Holy Name Medical Center Blog

Breastfeeding Basics

Posted by Harry Banschick, MD, Director of Pediatrics
Holy Name Medical Partners on August 9, 2021

Breastfeeding offers many benefits, but it can take time to establish. Your baby may not always latch on right away.

This can be frustrating and nerve-wracking, especially if the baby starts to lose weight. So it's really important that those who choose to breastfeed have the support of their families, friends, and our team at Holy Name's BirthPlace.


Health Benefits

The health benefits of breastfeeding, for both the mother and child, are indisputable. Breastfeeding lowers your baby's risk of asthma, allergies, ear infections, respiratory illness, and so much more. For Mom, breastfeeding burns extra calories, so it can help you lose weight faster. It's even been linked to a lowered risk of breast and ovarian cancer.

Supply and Demand

Breastfeeding basically works on a supply-and-demand system. The production of milk is fully dependent on the stimulation of the breasts by the baby suckling over the first few days. If there's little or no stimulation, the hormones will initiate little or no milk production.

The Struggle

Despite the idea that breastfeeding is supposed to be instinctual, even natural, this doesn't mean it comes easy to everybody. Some women really struggle with it.

According to a study published in the medical journal Pediatrics, 85 percent of moms plan to exclusively breastfeed for at least three months. But by three months, only 40 percent are actually still breastfeeding, and by six months, this number drops to 18 percent.

Why this is, we don't exactly know, but the more stress the mother experiences, the harder it is for her to nurse. Couple that with a lack of sleep and a body that's still recovering from childbirth, and it doesn't always come together.

Difficulties with Breastfeeding

Some moms say they feel a sense of failure when breastfeeding doesn't work. One study out of England found that those who planned to breastfeed but had not managed to were two-and-a-half times more likely to develop postpartum depression compared to women who had no intention of breastfeeding. But know this, there are things you can do to make it easier.

If it turns out you do have problems, don't quit right away; it will likely get easier. Remember, there are alternatives if breastfeeding does not work out.

Making it Easier

So, what can new moms do to help ease the process? For starters, relax, breathe, try not to force the issue. I also recommend:

  • Initiating breastfeeding within the first three hours of life, when the baby is alert and active and the instinct to feed is vibrant. After the first three hours, many babies fall into a deep sleep, and it is difficult to wake them to feed for several hours.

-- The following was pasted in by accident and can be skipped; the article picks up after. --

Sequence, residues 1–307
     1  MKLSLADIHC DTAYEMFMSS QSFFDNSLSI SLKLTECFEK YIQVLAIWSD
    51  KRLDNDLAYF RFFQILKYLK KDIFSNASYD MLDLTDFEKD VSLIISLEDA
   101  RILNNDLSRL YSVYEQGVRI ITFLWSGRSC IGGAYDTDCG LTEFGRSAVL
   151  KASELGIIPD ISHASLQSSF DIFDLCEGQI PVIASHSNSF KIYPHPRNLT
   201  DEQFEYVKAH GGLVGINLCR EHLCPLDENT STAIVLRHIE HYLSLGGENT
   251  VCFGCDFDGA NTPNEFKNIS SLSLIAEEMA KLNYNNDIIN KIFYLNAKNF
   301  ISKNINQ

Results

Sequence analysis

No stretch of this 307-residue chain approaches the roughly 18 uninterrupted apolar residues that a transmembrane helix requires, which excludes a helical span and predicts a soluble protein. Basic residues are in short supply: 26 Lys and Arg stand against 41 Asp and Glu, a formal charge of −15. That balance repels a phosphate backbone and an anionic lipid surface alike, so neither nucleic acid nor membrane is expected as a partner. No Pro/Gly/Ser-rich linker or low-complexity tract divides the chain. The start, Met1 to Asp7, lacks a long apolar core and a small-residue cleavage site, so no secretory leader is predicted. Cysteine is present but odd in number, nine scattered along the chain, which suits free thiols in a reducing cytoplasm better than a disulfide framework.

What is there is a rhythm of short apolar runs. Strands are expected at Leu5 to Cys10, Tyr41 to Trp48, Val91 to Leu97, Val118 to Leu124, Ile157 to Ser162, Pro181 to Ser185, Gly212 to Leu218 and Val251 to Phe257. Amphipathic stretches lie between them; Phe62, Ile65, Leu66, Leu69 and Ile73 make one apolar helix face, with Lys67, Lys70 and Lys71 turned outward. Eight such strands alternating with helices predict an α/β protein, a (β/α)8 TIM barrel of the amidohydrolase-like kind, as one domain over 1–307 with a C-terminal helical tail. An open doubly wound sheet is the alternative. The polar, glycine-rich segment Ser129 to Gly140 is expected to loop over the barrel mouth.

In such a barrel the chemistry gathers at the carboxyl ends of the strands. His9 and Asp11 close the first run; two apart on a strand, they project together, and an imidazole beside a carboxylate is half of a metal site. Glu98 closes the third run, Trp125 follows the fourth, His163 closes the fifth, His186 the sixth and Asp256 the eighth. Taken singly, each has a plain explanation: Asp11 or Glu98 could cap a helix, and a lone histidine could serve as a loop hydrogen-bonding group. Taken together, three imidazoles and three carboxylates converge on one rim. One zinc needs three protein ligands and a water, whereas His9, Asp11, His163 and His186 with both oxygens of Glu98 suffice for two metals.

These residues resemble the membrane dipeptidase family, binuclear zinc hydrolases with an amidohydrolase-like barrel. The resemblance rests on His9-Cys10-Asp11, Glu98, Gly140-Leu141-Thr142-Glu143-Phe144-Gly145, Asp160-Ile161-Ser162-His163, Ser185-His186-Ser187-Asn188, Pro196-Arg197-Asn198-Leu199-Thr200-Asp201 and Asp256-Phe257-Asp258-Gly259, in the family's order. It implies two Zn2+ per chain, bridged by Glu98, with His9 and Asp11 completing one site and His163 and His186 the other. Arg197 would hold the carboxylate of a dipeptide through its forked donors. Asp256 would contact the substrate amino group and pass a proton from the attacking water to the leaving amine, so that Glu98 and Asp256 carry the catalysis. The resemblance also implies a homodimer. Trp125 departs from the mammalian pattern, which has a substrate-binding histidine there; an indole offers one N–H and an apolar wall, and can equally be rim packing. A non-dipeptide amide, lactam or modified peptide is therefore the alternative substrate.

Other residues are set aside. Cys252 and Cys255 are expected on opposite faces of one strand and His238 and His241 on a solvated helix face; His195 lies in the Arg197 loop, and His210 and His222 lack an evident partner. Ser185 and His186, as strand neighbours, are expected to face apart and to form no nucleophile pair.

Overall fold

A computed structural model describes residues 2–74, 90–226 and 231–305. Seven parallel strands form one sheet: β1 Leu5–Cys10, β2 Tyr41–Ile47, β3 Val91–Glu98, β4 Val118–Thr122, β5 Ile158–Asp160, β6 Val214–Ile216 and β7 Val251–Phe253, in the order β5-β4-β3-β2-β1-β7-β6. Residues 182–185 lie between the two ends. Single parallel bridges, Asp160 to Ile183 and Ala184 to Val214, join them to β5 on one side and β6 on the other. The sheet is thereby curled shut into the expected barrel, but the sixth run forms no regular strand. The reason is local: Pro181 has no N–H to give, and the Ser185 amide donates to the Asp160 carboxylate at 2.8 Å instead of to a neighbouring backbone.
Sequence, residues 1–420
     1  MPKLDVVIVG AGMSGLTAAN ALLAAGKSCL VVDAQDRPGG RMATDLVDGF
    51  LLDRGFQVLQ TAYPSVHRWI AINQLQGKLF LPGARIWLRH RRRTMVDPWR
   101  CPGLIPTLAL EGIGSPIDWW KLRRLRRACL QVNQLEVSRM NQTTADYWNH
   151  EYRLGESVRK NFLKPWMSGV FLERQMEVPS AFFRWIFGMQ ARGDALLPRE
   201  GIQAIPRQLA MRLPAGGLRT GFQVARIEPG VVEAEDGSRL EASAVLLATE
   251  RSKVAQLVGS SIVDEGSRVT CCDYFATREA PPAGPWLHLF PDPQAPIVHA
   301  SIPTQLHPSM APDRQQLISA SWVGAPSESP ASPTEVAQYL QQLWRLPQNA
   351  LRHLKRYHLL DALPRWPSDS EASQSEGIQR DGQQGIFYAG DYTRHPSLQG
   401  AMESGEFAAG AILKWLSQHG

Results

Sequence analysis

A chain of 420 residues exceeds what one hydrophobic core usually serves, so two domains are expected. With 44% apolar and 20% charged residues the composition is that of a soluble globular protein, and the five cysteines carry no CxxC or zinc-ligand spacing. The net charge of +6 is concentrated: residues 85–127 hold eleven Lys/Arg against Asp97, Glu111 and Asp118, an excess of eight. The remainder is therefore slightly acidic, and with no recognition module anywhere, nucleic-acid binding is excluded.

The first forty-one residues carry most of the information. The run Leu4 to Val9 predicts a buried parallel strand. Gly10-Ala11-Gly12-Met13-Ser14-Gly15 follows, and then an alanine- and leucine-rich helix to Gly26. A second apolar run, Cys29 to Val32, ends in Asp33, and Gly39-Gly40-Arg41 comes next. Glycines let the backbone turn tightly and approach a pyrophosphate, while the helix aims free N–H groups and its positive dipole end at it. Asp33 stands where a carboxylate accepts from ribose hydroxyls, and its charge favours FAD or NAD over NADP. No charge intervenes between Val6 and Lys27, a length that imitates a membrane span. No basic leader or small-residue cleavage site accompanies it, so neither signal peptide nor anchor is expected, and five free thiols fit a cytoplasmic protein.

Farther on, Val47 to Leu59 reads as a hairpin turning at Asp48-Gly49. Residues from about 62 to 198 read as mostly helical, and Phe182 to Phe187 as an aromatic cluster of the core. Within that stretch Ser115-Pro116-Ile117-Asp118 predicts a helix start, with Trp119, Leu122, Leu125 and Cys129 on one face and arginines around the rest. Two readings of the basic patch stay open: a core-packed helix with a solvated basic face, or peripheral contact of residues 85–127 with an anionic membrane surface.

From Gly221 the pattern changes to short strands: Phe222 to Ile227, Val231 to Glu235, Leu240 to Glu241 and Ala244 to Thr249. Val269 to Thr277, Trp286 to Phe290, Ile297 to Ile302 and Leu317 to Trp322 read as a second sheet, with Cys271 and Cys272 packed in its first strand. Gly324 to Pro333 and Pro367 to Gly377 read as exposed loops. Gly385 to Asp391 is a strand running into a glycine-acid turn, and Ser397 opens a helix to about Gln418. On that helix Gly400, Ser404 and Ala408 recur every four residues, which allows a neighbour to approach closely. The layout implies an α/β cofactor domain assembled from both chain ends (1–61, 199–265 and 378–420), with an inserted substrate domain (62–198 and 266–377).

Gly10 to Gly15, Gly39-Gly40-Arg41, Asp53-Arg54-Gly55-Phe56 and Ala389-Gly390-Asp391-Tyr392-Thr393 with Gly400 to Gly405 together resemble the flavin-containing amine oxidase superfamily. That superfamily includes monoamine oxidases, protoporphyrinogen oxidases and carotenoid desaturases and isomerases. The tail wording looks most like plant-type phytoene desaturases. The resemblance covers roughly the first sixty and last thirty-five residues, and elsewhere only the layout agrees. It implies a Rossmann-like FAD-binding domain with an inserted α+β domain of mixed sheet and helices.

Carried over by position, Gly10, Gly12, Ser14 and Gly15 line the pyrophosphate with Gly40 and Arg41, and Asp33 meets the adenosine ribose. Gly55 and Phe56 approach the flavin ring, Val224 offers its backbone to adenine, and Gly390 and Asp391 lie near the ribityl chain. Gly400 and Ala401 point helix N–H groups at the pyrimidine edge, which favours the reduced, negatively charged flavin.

• Place the baby skin to skin with Mom immediately after delivery or as soon as possible. Skin to skin means the baby's naked belly to Mom's chest, belly, or breast. This has many benefits to Mom and baby and should be continued with every feeding for the first few days of life.
  • Keep in mind, the best time to establish a good latch is when the baby is wide awake. Mom's nurse will assist in positioning and latching the baby in a skin-to-skin position that is comfortable for both Mom and baby.
  • And just like with anything else in life, practice makes perfect.

Breastfeeding and the COVID-19 Vaccine

I am often asked if it is safe to receive a COVID-19 vaccine while breastfeeding. Even though the vaccine has not yet been studied on those who are lactating, the CDC reports that, based on the way these vaccines work, they are not thought to be at risk to lactating mothers or breastfeeding babies. Therefore, the CDC recommends receiving a COVID-19 vaccine, especially since those who are pregnant and those who have recently given birth are more at risk for serious illness from COVID-19. Recent research has shown that antibodies from COVID-19 mRNA vaccines that are in breastmilk could also help protect babies.

We're Here to Help

Breastfeeding is a learning process, and episodes of trial and error should be expected. Holy Name Medical Center's BirthPlace staff is available to help troubleshoot and guide the process. In most cases, Mom makes what baby needs, and baby needs what Mom makes. You may just need a little extra guidance to get there. For more information please call The Birth Place at 201-833-3153 or click on the following link: holyname.org/BirthPlace/Breastfeeding.aspx